Any links to Amazon are affiliate links.
The importance of sleep does not diminish as your child grows. Your child will still have an optimal amount of sleep to get at night and will also still run into sleep problems and road blocks. If you have set up healthy sleep requirements and expectations from a young age, you will find it much easier to maintain proper sleep totals and quickly fix sleep problems that arise. This post contains affiliate links.
HOW MUCH SLEEP AT NIGHT?
“…the prepubertal teenager [that’s fancy for preteen, or 8-12 year old] needs nine and a half to ten hours of sleep in order to maintain optimal alertness during the day” (Healthy Sleep Habits, Happy Child, page 358). This means if your child is waking at 7:00 AM, she needs to be in bed no later than 9:30 PM. Children can vary quite a bit based on individual sleep needs, so if you find your child needs more sleep than that, be sure to have bedtime early enough. We do bedtime no later than 8-8:30 on a regular basis in our house with our three preteens. We have some nights that are later for fun occasions, but on school nights and most nights of the week, we do 8-8:30.
Brayden (age 11, but almost 12) is responsible and I let him decide what time he needs to be done reading at night. He aims for 8:30-9:00. He also needs less sleep on the sleep needs scale.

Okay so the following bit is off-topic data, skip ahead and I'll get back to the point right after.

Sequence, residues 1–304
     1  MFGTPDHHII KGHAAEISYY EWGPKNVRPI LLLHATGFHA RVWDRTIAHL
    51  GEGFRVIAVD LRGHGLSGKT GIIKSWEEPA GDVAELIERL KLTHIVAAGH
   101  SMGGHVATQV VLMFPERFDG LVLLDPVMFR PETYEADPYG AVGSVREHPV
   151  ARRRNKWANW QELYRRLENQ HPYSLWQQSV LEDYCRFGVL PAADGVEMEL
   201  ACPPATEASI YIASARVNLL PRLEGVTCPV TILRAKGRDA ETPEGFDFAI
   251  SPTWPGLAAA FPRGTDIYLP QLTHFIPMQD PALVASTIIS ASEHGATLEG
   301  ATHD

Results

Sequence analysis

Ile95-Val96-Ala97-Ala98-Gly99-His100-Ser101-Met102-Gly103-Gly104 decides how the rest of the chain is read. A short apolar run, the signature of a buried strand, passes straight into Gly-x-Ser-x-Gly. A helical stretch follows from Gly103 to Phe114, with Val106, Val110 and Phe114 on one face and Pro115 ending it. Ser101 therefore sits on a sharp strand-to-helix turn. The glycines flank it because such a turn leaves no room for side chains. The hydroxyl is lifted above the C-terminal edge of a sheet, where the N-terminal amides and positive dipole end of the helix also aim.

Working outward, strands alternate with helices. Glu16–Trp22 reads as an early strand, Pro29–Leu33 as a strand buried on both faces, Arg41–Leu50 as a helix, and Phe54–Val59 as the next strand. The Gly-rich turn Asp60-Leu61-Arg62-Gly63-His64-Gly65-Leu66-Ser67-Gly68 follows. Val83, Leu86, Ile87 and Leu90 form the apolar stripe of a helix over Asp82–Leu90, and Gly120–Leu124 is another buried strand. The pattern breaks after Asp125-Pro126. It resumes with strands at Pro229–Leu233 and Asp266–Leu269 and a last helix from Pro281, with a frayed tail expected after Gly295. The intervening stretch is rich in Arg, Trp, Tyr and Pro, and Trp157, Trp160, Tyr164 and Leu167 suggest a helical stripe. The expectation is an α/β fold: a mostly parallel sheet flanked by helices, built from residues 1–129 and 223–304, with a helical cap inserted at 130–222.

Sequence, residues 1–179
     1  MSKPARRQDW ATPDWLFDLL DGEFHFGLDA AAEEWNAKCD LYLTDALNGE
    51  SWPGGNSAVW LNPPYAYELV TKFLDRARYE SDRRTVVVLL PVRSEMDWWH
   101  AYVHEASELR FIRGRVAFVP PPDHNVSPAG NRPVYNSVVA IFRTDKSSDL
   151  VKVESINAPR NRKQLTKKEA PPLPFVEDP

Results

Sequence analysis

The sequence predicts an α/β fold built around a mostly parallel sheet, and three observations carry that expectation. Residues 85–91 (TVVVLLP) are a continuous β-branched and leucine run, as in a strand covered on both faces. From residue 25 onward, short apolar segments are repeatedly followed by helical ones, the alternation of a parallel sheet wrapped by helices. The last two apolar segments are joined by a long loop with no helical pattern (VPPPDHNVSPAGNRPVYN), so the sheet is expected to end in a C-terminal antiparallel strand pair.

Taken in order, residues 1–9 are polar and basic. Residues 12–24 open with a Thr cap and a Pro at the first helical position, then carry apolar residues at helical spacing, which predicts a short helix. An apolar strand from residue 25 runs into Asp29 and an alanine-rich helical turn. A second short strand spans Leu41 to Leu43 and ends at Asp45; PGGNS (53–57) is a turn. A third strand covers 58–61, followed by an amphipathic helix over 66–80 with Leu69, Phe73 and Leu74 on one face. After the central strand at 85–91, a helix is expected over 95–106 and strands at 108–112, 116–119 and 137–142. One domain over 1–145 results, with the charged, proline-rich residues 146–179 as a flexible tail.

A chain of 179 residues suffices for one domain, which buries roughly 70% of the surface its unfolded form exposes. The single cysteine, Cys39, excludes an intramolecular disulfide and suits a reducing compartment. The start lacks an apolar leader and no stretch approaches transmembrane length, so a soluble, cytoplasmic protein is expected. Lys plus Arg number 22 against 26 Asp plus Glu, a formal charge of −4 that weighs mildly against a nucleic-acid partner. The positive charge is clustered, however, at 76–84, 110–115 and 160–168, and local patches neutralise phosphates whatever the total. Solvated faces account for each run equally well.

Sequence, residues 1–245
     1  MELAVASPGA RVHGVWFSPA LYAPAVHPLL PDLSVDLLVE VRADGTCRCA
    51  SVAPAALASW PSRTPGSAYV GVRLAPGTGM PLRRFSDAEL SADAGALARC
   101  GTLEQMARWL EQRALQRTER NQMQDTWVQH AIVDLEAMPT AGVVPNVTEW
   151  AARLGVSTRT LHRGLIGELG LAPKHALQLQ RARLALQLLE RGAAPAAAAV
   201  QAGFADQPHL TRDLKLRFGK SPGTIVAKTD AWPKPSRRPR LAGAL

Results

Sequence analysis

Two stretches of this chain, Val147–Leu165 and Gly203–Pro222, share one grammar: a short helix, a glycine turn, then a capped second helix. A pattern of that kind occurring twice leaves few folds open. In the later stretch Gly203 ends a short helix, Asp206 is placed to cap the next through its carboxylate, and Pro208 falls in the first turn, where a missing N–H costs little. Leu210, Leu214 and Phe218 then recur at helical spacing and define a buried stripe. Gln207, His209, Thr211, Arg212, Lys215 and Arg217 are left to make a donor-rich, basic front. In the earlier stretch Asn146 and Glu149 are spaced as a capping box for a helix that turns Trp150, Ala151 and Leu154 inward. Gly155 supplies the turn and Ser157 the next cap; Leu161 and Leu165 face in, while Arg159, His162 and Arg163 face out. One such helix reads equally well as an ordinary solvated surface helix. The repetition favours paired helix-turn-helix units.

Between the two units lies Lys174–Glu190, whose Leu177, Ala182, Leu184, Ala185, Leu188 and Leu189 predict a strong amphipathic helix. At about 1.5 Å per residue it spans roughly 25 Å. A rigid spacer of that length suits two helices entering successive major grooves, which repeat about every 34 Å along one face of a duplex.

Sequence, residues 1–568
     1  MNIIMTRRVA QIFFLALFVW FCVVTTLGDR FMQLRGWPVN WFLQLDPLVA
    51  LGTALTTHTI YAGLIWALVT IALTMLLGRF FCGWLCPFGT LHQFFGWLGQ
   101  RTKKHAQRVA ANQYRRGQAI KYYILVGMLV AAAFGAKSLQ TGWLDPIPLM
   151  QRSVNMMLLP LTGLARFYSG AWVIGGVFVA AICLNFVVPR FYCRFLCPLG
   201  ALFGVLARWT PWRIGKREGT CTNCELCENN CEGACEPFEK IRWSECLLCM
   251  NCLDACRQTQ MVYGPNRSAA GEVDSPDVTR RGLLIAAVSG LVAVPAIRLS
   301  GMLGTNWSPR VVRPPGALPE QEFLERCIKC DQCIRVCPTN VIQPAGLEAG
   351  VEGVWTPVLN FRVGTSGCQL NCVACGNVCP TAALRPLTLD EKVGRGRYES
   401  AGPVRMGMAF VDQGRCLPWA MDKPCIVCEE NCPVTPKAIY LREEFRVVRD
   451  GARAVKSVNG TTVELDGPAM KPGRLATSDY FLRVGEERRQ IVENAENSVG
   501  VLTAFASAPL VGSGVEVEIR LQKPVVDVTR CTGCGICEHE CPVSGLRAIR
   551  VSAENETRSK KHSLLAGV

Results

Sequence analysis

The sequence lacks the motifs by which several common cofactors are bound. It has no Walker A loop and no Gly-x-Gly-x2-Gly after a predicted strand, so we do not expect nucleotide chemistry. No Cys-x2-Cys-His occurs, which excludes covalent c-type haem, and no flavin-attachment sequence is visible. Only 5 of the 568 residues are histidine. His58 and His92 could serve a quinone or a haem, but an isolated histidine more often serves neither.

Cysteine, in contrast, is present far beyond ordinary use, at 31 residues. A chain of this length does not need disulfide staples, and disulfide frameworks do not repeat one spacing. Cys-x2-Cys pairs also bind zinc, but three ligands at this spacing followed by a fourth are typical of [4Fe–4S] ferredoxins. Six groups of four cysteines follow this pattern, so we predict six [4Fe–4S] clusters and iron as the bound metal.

For Kaitlyn (age 10) and McKenna (age 8), they have a rule for lights out 8:30 PM.
TIPS FOR SLEEP PROBLEMS
- Have a regular and consistent bedtime.
- Make sure bedtime is early enough. If your child has a hard time falling asleep, try moving bedtime earlier.
- If your child complains about tummy pains, limb pains, and/or headaches, consider possible stress or emotional causes. It can be separation anxiety, stress, emotions, social issues, school worries, or even fear of failure. These complaints often surface around 8 years old. McKenna read Anne of Green Gables right around the time she turned 8. At the end. there is a sad death. McKenna was so worried about someone close to her dying after that. For over a month, she complained about her tummy hurting whenever bedtime approached. If you are finding your preteen aged child having common pains, get to the root of the emotional issue and help your child through it.
Good sleep has a strong impact on many functions of the body, including the ability to focus and regulate everything from cravings to emotions. Do what you can to help even your preteens to have healthy sleep habits and skills. Healthy sleep needs do not end with little kids, and children rarely just “outgrow” poor sleep. Be intentional with your child’s sleep.